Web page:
Political appointment process in GLCs must be made clear

WITH an influx of politicians being appointed to lead government-linked corporations (GLCs) since Perikatan Nasional (PN) took over the federal administration in March 2020, it is only natural to be wary about the people chosen to head GLCs and other statutory bodies.

After all, it this long-standing ‘tradition’ is what had gotten the country so much of bad rap in the past when then-prime minister Datuk Seri Najib Razak, in his dual role as finance minister, had effective control of Malaysia’s leading GLCs.

This concentration of political and corporate power in the hands of the prime minister-cum-finance-minister is what had allegedly contributed to serious abuse of business-based institutions, including 1Malaysia Development Berhad (1MDB), MARA and Tabung Haji.

On the subject of these political appointments, one thing that has never been made clear is the exact criteria for selection as to who is most suitable to head a particular GLC.

Does the Government take into consideration the politician’s academic qualifications, work experience and expertise? Do personal character and integrity matter?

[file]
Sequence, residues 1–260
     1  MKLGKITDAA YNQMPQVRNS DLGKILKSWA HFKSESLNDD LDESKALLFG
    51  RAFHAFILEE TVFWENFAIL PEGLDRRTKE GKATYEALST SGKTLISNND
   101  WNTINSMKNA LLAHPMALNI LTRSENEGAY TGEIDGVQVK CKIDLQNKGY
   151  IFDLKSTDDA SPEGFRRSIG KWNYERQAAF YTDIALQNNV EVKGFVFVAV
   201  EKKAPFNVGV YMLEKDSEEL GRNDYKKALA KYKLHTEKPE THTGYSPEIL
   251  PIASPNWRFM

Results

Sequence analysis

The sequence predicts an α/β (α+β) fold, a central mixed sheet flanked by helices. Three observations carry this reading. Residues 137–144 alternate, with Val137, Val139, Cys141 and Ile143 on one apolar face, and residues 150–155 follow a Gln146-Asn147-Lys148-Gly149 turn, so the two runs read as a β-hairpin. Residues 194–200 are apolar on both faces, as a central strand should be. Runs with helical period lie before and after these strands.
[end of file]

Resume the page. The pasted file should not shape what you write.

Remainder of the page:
The selection process – including the results of the screenings by various bodies – must be made transparent to dispel any unwanted negative perception about the appointees.

When this happens, it will not only tarnish the reputation of the Government but people will also start to raise questions about such appointments as well.

What had been even more of a turn-off at this point is PAS secretary-general and de-facto law minister Datuk Seri Takiyuddin Hassan’s comment in April 2020 that all MPs who do not presently hold positions in the Government will be made heads of GLCs.

So, does this mean that the MPs would be ‘gifted’ a top post at a random GLC regardless of their qualifications? At this point, this remains unclear.

Positions in GLCs – whether at board level or top executive level – should be attained on merit. If a politician has the necessary qualifications, then it is justifiable. But if they don’t, why are they even occupying the top post to begin with?

GLCs are not meant to be used as a platform for political patronage. If the Government wants to continue appointing politicians to GLCs, it must make sure that each appointment is done with transparency, integrity and accountability. – April 11, 2o21


Photo credit: Free Malaysia Today

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